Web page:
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I had Cooper, and he was a big deal; now there are kids with five Coopers. I’m so grateful I had that horse and that I got to work for Phillip Dutton and that I’m at his farm again now [renting his back barn]. He’s just a really steady human in my life. I think it’s discouraging now when you see these kids with a lot of money. Don’t get me wrong, wealthy kids have their own kind of pressure, but I’m lucky I came up when I did because I don’t think I could have done it now.

Do you have a greatest influence in your life?

I’ve been lucky to work with some of the classiest people like Michael Matz and Susie Hutchison and Phillip Dutton. Phillip’s been a huge influence in my life, but I think Erik [Duvander] believing in me and not giving up and keeping trusting me, he’s really changed me. I don’t know what I would do without him. I just really rate him as a person, and I’m disgusted by how he was treated by the USEF [when he was let go as U.S. Eventing High Performance Director].

Do you have a favorite piece of advice you’ve been given over the years?
Phillip always told me to never let one thing define me. When we had to put Cooper down [Saville’s former top advanced horse who was injured at Fair Hill in 2009], he said, “Don’t let this define you.” If you let any moment define you when it’s bad, you carry that with you.

Do you have a favorite competition venue?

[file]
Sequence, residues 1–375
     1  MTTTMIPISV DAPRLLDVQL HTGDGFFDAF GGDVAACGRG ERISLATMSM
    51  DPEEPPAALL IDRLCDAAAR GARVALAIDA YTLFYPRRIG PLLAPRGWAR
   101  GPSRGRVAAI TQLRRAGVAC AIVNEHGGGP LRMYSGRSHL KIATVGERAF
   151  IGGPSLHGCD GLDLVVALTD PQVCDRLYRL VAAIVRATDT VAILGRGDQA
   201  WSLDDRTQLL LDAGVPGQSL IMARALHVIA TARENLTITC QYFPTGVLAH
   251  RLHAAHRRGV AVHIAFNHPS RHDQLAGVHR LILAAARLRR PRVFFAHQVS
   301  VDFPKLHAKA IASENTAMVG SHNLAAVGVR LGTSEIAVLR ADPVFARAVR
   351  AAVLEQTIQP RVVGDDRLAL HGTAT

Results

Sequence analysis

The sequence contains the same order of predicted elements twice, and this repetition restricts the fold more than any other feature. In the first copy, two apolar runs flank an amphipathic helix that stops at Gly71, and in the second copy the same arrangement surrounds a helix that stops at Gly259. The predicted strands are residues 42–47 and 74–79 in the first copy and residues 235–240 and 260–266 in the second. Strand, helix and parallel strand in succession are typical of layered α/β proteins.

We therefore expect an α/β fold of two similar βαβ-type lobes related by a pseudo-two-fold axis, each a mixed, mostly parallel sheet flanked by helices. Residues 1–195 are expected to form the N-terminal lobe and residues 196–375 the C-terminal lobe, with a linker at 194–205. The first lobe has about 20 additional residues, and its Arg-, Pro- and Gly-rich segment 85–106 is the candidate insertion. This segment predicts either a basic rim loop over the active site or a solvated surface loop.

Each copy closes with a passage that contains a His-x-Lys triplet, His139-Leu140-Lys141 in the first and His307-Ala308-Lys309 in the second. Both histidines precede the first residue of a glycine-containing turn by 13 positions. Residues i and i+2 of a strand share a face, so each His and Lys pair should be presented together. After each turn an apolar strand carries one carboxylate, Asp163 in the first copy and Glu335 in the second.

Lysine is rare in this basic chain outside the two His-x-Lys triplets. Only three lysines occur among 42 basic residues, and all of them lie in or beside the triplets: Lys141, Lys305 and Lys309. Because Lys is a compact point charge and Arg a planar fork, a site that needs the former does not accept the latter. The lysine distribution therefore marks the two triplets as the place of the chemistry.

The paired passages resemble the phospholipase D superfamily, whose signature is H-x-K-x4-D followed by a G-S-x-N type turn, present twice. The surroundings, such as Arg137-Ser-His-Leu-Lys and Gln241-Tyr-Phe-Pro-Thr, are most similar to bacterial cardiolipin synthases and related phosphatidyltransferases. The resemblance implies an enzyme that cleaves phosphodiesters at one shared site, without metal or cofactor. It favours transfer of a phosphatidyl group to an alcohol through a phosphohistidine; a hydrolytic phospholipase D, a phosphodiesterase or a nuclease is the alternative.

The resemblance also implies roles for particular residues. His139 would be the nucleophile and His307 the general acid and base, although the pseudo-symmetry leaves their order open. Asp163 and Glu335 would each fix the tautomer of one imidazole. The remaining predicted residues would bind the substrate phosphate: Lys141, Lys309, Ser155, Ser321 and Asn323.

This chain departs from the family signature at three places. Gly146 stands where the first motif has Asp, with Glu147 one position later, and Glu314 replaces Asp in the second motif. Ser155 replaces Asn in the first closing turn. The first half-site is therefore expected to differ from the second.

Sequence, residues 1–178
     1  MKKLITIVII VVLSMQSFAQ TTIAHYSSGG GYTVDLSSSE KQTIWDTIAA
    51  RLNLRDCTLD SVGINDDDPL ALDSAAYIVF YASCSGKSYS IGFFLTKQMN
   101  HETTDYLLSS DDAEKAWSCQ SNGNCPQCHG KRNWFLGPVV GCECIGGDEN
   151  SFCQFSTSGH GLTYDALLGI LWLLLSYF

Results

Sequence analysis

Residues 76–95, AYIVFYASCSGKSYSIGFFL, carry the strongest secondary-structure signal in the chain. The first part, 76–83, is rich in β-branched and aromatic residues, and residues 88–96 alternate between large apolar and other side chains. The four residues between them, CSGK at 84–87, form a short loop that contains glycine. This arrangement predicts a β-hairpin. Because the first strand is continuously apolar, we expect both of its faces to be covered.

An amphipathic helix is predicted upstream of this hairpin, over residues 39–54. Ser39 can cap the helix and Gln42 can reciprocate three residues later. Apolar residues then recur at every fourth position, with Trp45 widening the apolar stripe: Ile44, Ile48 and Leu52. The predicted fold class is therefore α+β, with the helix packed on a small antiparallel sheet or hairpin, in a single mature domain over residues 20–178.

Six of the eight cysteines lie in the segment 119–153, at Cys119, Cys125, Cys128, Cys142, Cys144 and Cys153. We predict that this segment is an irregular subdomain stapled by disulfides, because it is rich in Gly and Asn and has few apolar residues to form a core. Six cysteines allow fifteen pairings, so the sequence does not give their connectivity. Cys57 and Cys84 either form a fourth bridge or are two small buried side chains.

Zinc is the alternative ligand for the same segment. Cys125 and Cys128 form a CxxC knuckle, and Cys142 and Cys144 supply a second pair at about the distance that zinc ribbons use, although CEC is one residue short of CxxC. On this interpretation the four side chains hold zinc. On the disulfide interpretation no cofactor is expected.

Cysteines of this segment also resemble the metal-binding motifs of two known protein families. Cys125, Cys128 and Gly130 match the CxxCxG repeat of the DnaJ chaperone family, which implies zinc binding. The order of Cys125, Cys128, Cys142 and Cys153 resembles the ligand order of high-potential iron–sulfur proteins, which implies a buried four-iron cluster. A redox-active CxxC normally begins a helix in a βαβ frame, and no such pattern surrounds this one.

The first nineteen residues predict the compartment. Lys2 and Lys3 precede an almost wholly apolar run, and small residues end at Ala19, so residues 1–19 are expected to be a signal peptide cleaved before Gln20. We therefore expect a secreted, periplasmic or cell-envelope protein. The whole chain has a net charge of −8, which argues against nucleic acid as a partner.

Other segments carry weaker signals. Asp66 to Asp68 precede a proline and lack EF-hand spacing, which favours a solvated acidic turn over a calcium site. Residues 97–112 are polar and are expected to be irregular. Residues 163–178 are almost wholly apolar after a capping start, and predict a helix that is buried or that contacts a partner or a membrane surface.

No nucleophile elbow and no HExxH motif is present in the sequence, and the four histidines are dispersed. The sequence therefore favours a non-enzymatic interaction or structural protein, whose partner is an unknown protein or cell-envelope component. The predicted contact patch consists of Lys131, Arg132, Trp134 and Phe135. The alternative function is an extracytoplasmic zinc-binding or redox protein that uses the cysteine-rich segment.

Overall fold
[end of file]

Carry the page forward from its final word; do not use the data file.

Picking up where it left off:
I loved Richland Park [Michigan]. That was my favorite event. My second favorite was Red Hills [Florida], and I’m really disappointed with how both of those events were treated. They both put on great events, and even though Richland was a long drive north, all of us drove whatever it took to make it to that event. We talk about it all the time—just today, in fact, I talked to two professionals about how much we miss those events. I want to make sure Bob and Kay [Willmarth] know how much we miss Richland, and I’m sad that they’re gone.

Jack Russells, yes or no?

Previously I would have said no. My dogs have typically been whippets and sighthounds. But I love the Duttons’ dog, Fern—she’s made me love Jack Russells, and she’s having puppies. So I might be getting one now!

Congratulations on your recent marriage! Tell me about your wedding and married life.

Niall is such a saint. He’s a race horse trainer, so he understands the lifestyle. I’ve been going through a hard time personally lately because this job in general is so tough, and he’s my best friend, so being married isn’t more pressure or anything than when we were just dating.

His brother is Michael Matz’s assistant; I knew him for seven years before we dated. He was married before, and I galloped race horses for him before, so we knew each other really well before we started dating.

We paid for our wedding ourselves and kept it small. It was in Miami because I wanted it to be easy for everyone to get there. We only invited about 15 people; I never dreamt of a big wedding, and there are so many people that I like and care about in life, I’d have had a hard time inviting everyone. My polo player friend, Allen Martinez, walked me down the aisle, and Joey Williams, Nat Pollard’s fiancée, was the officiant. He was my Crossfit coach before, and I really rate him, and they were both there, and it meant a lot to me.


This article ran in The Chronicle of the Horse in our April 24 & May 1, 2023, issue. Subscribers may choose online access to a digital version or a print subscription or both, and they will also receive our lifestyle publication, Untacked. 

If you’re just following COTH online, you’re missing so much great unique content. Each print issue of the Chronicle is full of in-depth competition news, fascinating features, probing looks at issues within the sports of hunter/jumper, eventing and dressage, and stunning photography.